Courts, Liberalism, and Rights: Gay Law and Politics in the United States and Canada

By Jason Pierceson | Go to book overview

8

Courts and Same-Sex Marriage
in the United States: Vermont

SHORTLY AFTER the Hawaii Supreme Court declared that the people of Hawaii had overruled its decision, the Supreme Court of Vermont handed down another landmark same-sex marriage case. In Baker v. State of Vermont, the court maintained that limiting marriage only to opposite-sex couples violated the Vermont Constitution, and the courtcompelled the legislaturetoremedy the situation.1 This chapter examines this litigation, the political response that resulted in significant policy change in the state, and policy change that would have been unlikely in the absence of litigation.

In the decade preceding the litigation, the issue of gay rights had been a prominent topic in Vermont politics. In 1986, a proposed equal rights amendment was narrowly defeated, largely due to concerns that the amendment would legalize same-sex marriage.2 Hate crime and antidiscrimination legislation was passed, with vocal antigay opposition (a dynamic that would also play in the debate over civil unions legislation), in the early 1990s.3 A combination of a state high court decision and legislation extended adoption rights to same-sex couples.4 Emboldened by these successes, activists broadened their fight. As David Moats describes it: “During the 1980s, the gay and lesbian community had been fighting for mainly negative freedom—freedom from violence and discrimination. During the 1990s, the community would begin to fight for positive freedom—freedom to live a life of their choosing, to form families, to raise children, to marry.”5 This required a turn to litigation.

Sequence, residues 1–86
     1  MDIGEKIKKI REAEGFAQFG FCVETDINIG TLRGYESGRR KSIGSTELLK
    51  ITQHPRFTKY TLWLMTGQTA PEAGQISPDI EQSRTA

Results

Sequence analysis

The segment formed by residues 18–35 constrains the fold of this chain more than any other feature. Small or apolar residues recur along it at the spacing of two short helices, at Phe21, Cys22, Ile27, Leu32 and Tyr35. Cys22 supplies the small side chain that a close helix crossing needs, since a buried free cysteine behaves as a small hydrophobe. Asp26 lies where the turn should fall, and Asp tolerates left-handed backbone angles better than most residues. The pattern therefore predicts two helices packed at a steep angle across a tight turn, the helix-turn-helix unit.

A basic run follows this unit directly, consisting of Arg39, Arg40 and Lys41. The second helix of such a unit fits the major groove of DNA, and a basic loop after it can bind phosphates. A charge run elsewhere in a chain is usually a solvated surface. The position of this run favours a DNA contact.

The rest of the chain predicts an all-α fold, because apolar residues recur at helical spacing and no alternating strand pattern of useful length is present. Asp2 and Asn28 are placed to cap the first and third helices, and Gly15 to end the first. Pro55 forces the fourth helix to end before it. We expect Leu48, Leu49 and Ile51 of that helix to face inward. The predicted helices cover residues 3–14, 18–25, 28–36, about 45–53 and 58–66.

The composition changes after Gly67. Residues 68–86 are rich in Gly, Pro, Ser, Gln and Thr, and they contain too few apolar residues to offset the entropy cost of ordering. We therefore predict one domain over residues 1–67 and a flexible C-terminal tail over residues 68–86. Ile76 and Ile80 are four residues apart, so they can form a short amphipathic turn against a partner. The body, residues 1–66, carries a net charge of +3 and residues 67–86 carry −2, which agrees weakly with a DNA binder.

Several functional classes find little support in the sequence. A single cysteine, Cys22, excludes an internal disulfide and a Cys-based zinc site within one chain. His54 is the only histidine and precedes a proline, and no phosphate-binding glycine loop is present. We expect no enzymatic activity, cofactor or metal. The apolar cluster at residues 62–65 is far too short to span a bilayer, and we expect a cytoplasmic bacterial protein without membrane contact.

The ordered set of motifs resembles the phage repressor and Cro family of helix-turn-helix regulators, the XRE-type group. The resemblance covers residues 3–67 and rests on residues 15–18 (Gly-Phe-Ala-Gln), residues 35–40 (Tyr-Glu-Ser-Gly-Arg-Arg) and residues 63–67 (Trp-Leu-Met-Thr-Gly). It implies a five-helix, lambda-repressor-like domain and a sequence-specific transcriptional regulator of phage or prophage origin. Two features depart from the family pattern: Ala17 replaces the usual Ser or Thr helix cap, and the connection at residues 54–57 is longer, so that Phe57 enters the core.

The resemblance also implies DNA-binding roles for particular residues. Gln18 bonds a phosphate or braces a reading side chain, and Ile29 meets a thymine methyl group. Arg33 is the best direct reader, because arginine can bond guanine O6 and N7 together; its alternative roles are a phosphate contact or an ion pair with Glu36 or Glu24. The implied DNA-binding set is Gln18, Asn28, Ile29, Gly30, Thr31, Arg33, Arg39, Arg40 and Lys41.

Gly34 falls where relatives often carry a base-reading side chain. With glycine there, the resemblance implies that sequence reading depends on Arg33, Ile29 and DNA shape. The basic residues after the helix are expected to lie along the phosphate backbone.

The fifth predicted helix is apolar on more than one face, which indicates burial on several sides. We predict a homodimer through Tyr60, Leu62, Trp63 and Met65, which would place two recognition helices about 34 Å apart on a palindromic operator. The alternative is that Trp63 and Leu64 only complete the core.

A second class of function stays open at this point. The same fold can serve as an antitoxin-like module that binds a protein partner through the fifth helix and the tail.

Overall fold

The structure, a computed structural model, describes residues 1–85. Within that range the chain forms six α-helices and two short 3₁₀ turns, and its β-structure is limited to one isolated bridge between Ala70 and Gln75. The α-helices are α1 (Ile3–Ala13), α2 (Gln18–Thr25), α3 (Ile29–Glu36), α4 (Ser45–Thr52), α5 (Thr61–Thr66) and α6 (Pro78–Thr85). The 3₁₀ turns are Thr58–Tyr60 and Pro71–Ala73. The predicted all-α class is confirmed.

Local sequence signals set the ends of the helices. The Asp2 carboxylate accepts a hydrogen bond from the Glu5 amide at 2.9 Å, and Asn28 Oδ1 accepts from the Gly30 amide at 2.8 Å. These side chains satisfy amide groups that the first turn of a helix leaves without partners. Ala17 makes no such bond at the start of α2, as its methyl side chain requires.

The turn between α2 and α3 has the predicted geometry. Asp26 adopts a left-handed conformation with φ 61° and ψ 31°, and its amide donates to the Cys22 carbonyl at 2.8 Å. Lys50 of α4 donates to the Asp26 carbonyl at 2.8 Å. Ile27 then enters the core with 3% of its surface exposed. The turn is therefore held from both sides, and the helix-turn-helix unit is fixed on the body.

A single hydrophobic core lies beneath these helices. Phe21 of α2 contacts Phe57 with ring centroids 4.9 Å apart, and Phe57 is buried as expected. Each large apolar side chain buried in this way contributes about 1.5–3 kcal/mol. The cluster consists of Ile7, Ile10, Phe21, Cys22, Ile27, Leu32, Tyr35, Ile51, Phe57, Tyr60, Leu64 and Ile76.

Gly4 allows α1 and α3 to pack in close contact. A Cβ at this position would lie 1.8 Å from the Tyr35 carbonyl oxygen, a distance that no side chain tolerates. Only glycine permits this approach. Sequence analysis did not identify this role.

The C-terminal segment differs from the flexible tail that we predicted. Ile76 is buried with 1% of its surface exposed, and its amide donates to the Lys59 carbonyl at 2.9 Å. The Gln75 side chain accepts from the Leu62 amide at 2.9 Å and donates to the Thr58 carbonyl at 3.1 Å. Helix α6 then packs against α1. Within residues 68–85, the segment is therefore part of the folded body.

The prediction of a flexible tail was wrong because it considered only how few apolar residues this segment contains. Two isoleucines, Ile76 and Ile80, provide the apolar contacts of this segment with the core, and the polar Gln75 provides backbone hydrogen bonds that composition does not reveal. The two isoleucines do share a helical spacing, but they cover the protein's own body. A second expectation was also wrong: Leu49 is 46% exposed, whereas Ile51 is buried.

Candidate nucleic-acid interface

Unlike the original litigation in Hawaii, the Vermont litigation was a coordinated effort influenced by the events in Hawaii. Beth Robinson and Susan Murray, two lawyers who were friends and worked at the same law firm, founded a political group in 1995, the Freedom to Marry Taskforce. They had been discussing a lawsuit for several years, but were emboldened to act by the events of the mid1990s. In 1995 Murray and Robinson declined to assist a gay couple file a same-sex marriage lawsuit. In Robinson's words, “We felt the karma wasn't right.”6 Instead, they organized chapters around the state to begin laying the political groundwork to support the eventual litigation, including producing a video with same-sex couples describing their relationships and why they wishedtomarry.7 Although the political groundwork was being laid, however, it was clearly the litigation that was central to the activists' efforts. No effort was made to address the issue legislatively; the litigation would be the battering ram, rather than pure deliberation and debate. Indeed, when the legislature inadvertently addressed the same-sex marriage issue early in 1997, Robinson and Murray urged legislators not to pursue the issue.

-130-

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Courts, Liberalism, and Rights: Gay Law and Politics in the United States and Canada
Table of contents

Table of contents

  • Title Page iii
  • Contents v
  • Acknowledgments vii
  • 1: Introduction 1
  • 2: U.S. Federal Courts and Gay Rights a History of Hesitancy 21
  • 3: Liberalism and Gay Politics 33
  • 4: Toward a Better Liberalism 49
  • 5: Sodomy Laws, Courts, and Liberalism 62
  • 6: Lessons from Continued Sodomy Adjudication 77
  • 7: Courts and Same-Sex Marriage in the United States 104
  • 8: Courts and Same-Sex Marriage in the United States 130
  • 9: Developments After Vermont 144
  • 10: Canada 165
  • 11: Courts, Social Change, and the Power of Legal Liberalism 187
  • 12: Conclusion 195
  • Notes 199
  • Index 247
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